Health: A ‘proper’ first aid kit
The majority of first aid kits are designed pander to people’s secret desire to become the medical hero. The sort of medical hero that can step forward in the midst of an unexpected catastrophe, loft their trusty first aid kit into the air, and save the day. Unfortunately for these closet heroes, the majority of first aid boxes are unused and ultimately useless in everyday situations.
Take the first aid box that I recently purchased from a well known local supermarket. The box cost £14.99 and was sold with the banner line ‘For all emergencies at home and on the move’ emblazoned . Now, I am not an A&E consultant, but if there was a major pile up on the M25 I would rather have a mobile telephone to call an ambulance than a first aid kit.
For everyday emergencies that happen in the home, I want a good stock of the the basic necessities. What I really don’t need is the bizarre, token extravagancies provided in most first aid kits. Included in my £14.99 first aid kit were 4 arm slings and 10 sticking plasters. I haven’t checked the exact statistics, but if children are suffering 4 broken arms for every 10 cuts, then I believe they need more calcium in their diet!
I decided to create my own first aid kit from well known stores and from my own household items. For a budget of £7.50, I set out to make a kit that was half the price, but twice as effective as the supermarket brand.
So for my proper first aid kit I looked at what you NEED, not what you WANT. The main things you need a first aid kit for are: cuts, impact trauma (falls, items dropping onto you, swing ball to the face, freak hurdling accident), burns, allergies (hay fever and other), stings and poisoning (such as swallowed chemicals and/or medications). I will take you through the basic first aid requirements for each of these events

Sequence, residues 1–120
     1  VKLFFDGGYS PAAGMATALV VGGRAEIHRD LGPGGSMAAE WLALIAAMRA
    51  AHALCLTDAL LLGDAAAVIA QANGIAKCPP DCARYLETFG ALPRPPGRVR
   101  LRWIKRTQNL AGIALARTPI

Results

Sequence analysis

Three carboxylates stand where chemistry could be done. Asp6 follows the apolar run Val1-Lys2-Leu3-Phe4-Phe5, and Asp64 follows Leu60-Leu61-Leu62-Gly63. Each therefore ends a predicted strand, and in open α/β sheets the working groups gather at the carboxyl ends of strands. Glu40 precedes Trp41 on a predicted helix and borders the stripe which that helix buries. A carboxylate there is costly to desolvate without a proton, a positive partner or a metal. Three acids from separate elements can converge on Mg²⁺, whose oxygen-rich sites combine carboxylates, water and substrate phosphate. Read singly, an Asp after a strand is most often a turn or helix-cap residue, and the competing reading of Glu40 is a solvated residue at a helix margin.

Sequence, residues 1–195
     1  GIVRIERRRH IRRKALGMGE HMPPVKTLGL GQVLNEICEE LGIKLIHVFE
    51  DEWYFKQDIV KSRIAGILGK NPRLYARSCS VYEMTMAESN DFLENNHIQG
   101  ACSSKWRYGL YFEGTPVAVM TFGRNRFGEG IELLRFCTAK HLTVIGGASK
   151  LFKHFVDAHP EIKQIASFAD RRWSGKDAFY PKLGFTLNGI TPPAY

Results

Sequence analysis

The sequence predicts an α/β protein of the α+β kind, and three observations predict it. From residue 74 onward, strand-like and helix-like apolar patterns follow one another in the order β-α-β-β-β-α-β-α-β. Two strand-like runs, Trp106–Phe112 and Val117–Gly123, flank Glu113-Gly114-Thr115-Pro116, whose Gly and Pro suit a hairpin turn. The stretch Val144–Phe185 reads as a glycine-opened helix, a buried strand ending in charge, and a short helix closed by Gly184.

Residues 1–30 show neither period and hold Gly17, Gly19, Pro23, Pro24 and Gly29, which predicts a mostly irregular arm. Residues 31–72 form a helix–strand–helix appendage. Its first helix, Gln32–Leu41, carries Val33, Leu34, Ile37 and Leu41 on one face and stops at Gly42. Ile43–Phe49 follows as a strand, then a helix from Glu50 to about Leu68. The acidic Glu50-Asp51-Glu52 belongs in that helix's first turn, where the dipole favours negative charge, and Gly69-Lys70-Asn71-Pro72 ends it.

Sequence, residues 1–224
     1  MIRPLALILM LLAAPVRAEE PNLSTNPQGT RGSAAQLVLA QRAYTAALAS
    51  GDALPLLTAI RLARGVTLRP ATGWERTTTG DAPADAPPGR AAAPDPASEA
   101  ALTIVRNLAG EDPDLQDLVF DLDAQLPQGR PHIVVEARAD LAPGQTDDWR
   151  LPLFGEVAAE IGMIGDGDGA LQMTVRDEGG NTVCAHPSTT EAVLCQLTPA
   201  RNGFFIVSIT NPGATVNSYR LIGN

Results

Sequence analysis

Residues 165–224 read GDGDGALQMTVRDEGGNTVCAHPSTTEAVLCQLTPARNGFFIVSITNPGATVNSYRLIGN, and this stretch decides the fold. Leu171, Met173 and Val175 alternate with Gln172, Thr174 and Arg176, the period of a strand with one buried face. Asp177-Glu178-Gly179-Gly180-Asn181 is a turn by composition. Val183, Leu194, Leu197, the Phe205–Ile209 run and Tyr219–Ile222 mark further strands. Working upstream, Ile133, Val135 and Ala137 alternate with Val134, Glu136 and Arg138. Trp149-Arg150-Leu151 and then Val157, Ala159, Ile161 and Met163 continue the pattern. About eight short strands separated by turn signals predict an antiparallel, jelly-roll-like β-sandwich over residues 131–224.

Cuts: You need a means of getting the cut clean, and keeping the cut clean and closed. For this you need simple alcohol wipes, and TCP will keep you well and truly covered for the cleaning, and plasters should cover the rest of your first aids needs. Anything more serious than a plaster can handle will require stitches, and thus transport to A&E.
Impact trauma: Remember the acronym R.I.C.E. Rest, Ice Compression, Elevation. For this you need an ice pack and a means of keeping this on you while providing compression. The ice can either come from an ordinary ice tray (not always convenient if you don’t have any in the freezer) or from an endothermic ice pack. An appropriately placed bandage will allow the ice pack to be placed on the affected area and provide an amount of compression.
Burns: Keeping burns under clean, cold water is a well known and free method for keeping a burn cool. After 10 minutes of cooling, apply cling film to the burn to prevent infection and any adhesion of clothing/fluff/dirt while on the way to A&E.
Allergies: It is a fact that simple antihistamines can save lives. These drugs come in tablets (useful for hay fever) or liquid, which is extremely useful in times when there is an strong allergic reaction. Liquid antihistamine can be administered in as small or as large a quantity as they can manage. In the event of a wasp or bee sting, products like ‘Waspeze’ or other sting easing pastes can be useful
Given the information provided by the whistle-stop trauma tour above, what do you need for your first aid kit? For £7.50 you can buy the branded products at unbranded prices as the active ingredient is identical:
- TCP and/or alcohol wipes
- A box of elastoplast plasters (much better than the waterproof rubbish).
- 2 lots of exothermic icepacks.
- 2 bandages
- Cling film (about 1 metre kept in a sandwich bag will be plenty)
- Antihistamine in liquid form (benadryl or similar).
- Waspeze or similar
Granted, this list will not allow you to sling 4 broken arms at the same time, but then again, you would hope that an ambulance would be called in the event of a sudden outbreak of brachial fractures. In the worst case, something as simple pullover or a towel will work as a makeshift sling, until the professionals arrive with the proper equipment. The items listed above will allow you to cover 95% of all accidents you will encounter at home, and you can easily replace any items you use, instead of buying a new first aid kit every few months.
If you would like to expand your kit, then simple analgesics (like aspirin and ibuprofen) would be a good addition, and maybe glucose/dextrose tablets to reverse the effects of low blood sugar. Beyond these items, you are really wasting your money.